SYRIZA likened it to Watergate and The Times said renewed memories of the 1967-74 right-wing military dictatorship that – in the days before the Internet, cell phones and high-tech, tried to keep tabs on everyone.
The European Parliament also could look into the cases in Greece as it has a committee already probing the use of more sophisticated Pegasus spyware in the 27-member bloc.
The head of that panel, Sophia in ‘t Veld from The Netherlands, tweeted that investigations into spyware should now “involve a check of the phones of all politicians and top level officials … to get a full picture of the spying activity by governments.”
Citizen Lab at the University of Toronto, one of the world’s foremost authories on surveillance and spyware, said that Predator, which is made in North Macedonia but now part of a company headed by Tal Dilian, an ex-Israeli intelligence officer with headquarters in Athens, was sold to Greece.
The government had denied using it and its defenses and arguments have shifted as more information has come out and spokesman Giannis Oikonomou ominously suggested that the phonetap files of Androulakis may have been destroyed.
Development Minister and New Democracy Vice-President Adonis Georgiadis said it’s possible that Russian or Turkish hackers did it, suggesting a different kind of conspiracy to topple the government.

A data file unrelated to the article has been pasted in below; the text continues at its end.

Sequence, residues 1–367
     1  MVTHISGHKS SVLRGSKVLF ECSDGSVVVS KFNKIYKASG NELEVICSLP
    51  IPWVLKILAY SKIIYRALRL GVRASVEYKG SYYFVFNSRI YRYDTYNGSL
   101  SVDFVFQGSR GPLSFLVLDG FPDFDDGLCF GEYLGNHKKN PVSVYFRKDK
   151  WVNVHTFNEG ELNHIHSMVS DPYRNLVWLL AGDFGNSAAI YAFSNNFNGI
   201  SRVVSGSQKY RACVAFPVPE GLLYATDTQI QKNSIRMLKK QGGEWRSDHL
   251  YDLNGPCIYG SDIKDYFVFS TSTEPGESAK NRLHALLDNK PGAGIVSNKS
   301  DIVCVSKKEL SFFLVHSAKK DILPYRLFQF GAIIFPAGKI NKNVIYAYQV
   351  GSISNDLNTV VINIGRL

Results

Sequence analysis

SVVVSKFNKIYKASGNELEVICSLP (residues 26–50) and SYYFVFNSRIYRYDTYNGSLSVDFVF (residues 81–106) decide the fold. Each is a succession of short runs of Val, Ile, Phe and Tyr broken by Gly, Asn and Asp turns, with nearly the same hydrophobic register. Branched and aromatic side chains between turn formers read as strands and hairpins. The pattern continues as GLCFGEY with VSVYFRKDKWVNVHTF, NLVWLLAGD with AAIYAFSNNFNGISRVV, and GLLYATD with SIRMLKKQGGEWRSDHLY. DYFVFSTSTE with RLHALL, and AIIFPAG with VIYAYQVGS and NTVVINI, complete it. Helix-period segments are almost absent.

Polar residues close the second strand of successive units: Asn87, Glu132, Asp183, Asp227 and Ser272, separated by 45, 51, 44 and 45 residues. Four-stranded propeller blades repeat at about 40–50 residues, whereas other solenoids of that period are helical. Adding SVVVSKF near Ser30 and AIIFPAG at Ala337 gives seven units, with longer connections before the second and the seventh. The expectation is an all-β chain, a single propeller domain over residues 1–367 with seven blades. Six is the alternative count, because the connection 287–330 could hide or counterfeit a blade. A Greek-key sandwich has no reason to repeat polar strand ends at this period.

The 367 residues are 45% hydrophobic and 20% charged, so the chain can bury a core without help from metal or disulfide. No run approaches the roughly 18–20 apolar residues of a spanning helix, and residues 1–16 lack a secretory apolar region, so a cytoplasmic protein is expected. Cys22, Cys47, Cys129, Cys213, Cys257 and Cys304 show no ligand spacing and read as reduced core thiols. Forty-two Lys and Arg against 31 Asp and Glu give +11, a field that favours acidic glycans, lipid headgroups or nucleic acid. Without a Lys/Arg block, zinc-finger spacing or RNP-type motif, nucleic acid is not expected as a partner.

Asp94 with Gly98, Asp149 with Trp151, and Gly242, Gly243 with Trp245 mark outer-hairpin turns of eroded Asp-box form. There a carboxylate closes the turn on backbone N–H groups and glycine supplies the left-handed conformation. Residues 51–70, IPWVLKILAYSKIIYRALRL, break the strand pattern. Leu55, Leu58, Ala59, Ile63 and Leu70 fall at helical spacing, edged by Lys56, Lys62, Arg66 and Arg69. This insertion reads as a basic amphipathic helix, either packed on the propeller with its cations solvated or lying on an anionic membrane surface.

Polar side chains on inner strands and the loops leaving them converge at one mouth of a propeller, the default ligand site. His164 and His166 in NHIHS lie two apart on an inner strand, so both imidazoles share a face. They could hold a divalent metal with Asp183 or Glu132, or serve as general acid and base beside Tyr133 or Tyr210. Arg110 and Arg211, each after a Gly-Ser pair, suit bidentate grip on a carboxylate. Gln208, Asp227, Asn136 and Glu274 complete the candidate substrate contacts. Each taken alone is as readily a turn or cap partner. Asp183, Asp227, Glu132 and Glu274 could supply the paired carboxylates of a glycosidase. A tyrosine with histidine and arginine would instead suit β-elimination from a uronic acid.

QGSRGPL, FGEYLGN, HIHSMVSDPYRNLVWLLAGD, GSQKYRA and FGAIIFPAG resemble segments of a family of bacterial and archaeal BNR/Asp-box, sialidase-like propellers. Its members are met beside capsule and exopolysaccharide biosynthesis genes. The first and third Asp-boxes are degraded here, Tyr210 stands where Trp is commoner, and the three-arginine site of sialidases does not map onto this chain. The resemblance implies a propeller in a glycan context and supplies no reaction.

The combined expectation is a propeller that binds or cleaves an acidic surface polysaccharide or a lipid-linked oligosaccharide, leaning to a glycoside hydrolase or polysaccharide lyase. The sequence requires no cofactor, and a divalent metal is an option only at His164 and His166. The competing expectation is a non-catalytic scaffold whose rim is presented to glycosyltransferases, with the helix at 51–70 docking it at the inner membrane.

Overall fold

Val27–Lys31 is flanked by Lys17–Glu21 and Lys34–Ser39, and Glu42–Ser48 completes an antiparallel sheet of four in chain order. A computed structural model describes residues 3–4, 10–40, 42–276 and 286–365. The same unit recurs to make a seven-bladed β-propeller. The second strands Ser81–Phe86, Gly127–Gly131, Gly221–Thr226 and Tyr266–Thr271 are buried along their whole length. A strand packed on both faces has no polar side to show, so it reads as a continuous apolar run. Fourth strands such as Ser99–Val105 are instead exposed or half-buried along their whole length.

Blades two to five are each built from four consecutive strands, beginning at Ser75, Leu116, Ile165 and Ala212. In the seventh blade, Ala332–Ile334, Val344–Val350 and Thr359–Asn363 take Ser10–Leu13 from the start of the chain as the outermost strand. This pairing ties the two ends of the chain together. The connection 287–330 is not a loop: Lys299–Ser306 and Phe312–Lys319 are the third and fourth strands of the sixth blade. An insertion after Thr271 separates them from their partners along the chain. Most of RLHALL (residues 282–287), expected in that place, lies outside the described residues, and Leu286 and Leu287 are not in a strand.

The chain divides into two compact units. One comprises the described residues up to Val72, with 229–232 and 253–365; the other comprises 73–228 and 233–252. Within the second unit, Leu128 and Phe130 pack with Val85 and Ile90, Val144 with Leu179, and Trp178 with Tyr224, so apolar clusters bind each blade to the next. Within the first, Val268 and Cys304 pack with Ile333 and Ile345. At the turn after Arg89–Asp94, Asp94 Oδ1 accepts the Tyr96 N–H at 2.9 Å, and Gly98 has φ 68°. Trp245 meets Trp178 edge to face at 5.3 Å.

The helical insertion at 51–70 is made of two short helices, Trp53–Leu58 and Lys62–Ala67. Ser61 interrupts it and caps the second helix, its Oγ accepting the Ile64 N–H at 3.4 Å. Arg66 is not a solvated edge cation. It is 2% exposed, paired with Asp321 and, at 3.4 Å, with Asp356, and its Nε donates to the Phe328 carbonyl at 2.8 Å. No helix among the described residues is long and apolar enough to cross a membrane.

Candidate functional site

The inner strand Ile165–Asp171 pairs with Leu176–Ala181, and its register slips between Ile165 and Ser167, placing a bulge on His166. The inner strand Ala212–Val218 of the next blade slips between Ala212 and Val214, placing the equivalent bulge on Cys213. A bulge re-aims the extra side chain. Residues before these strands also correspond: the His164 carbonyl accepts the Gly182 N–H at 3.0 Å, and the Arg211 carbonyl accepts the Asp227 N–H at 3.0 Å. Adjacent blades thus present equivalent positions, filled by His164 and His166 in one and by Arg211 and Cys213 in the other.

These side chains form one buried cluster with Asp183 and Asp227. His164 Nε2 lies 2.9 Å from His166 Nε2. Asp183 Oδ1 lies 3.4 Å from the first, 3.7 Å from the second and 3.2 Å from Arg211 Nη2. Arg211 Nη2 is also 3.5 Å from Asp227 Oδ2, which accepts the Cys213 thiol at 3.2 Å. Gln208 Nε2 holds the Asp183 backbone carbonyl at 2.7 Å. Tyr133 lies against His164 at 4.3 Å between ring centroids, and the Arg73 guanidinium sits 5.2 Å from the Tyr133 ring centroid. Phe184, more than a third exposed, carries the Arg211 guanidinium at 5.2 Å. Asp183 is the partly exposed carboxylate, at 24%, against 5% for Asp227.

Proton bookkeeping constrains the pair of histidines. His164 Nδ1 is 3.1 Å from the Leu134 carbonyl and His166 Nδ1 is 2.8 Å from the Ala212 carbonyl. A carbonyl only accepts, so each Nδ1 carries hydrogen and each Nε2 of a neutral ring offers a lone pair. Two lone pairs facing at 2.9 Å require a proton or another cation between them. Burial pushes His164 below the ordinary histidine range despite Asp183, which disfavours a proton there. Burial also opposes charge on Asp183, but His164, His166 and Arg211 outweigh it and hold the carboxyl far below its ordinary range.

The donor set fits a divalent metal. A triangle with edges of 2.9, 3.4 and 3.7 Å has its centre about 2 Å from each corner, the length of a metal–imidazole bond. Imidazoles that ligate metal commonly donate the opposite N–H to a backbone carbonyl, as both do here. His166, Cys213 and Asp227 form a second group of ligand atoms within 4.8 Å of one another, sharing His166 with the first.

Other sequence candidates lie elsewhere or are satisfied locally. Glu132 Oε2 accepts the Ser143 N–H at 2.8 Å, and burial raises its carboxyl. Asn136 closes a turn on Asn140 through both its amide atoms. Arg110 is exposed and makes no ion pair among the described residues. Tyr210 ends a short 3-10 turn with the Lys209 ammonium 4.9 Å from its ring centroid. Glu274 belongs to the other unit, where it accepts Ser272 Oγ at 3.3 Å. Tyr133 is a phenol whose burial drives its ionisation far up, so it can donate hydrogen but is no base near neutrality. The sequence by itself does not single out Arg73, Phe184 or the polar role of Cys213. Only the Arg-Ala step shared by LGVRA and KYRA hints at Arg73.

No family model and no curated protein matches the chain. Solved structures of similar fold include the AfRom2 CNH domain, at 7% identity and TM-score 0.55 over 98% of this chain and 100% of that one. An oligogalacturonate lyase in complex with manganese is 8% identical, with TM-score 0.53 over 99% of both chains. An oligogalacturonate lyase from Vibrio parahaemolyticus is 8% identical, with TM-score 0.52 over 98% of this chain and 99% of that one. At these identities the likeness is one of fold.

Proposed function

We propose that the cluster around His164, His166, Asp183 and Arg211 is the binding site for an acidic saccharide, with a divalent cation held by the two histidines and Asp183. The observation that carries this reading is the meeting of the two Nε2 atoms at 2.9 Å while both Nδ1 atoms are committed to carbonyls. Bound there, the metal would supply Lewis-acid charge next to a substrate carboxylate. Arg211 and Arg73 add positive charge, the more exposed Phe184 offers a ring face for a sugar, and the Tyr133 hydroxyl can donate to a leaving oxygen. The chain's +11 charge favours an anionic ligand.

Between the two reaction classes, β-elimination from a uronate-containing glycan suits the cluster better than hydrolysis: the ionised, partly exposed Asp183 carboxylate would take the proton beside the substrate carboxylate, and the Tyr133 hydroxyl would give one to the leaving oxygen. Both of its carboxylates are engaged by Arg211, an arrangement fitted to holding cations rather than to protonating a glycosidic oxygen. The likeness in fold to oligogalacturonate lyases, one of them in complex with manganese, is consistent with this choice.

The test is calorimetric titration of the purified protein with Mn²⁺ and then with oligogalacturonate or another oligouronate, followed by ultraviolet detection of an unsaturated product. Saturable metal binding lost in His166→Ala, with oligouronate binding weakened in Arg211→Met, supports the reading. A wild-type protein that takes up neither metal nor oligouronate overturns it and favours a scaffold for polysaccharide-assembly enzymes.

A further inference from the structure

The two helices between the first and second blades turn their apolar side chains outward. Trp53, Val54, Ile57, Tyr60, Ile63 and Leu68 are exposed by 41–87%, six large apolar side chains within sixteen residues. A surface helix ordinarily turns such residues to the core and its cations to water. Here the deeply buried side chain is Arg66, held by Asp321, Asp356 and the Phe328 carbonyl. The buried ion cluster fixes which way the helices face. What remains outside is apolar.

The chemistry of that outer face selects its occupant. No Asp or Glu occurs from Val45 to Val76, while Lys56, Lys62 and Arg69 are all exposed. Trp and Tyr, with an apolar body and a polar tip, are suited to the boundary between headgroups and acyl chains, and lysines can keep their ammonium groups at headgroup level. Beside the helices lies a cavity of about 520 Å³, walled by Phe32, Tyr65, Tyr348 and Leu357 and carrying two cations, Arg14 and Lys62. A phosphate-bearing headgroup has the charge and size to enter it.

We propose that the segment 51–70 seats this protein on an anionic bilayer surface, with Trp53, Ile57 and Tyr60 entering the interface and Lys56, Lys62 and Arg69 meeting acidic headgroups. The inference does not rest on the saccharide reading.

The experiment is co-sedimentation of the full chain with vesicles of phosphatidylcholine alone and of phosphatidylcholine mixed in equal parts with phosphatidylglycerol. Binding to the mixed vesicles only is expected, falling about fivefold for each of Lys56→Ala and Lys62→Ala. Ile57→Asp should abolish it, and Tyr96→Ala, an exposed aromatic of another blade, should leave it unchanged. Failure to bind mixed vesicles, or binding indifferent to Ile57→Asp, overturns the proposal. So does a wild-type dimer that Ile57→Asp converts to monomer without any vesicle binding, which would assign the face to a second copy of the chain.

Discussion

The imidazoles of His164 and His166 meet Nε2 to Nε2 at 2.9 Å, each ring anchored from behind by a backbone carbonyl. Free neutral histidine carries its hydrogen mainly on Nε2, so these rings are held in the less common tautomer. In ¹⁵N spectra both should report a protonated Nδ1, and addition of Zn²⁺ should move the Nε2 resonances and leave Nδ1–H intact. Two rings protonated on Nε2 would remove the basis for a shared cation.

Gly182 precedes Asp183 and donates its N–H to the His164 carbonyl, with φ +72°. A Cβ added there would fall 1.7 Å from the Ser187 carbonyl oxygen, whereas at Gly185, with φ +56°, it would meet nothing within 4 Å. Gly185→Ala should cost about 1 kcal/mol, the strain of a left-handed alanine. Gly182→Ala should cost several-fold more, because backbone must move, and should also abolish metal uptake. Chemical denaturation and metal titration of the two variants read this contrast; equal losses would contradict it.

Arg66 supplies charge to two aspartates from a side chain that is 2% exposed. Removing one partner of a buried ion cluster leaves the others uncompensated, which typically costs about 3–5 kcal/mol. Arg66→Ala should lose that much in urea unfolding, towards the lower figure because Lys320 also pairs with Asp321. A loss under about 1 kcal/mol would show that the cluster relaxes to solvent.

“If I were Mr. Putin, I would be very happy if the governments that were so opposed to Russia would fall,” Georgiadis told the paper, referring to Russian President Vladimir Putin’s ire over European Union sanctions for the invasion of Ukraine.
Mitsotakis, said The Times, also had mentioned that there could be “shady forces outside Greece” working “to destabilize the country,” but critics aren’t buying it.
“It was obvious that the government was lying,” said George Katrougalos, the former Greek foreign minister from SYRIZA who was at the parliamentary committee where Kontoleon opened Pandora’s Box.
For all the political wrangling, worries about governments spying on citizens and journalists, whistleblowers and others has further cranked up critics who see spies everywhere – especially with governments using spyware.
“It can watch, it can record,” said PASOK spokesman Dimitrios Mantzos who said that in this case it was done by the government, despite the denials. “It’s too Greek for us to understand, but it’s all Greek,” he told the paper.
Koukakis, whose case had been essentially forgotten, said what happened to him has put the spotlight on surveillance techniques that some analysts said are too tempting for goverments to resist.
“The revelation of Androulakis’ case is a blessing for me,” said Koukakis, who the paper said is convinced that Mitsotakis was told about the surveillance although the premier blamed Kontoleon and Grigoriadis.
The story broke not long after Mitsotakis said he wouldn’t call snap polls and would finish his term before mid-2023 elections although the turmoil could continue and New Democracy’s lead in polls has now fallen.
Androulakis said the scandal won’t go away soon and told the paper that he thinks the government is spying on people, and not just him although no other names have emerged from the thousands said being tracked.
“I never expected the Greek government to put me under surveillance,” he has said, “using the darkest practices.”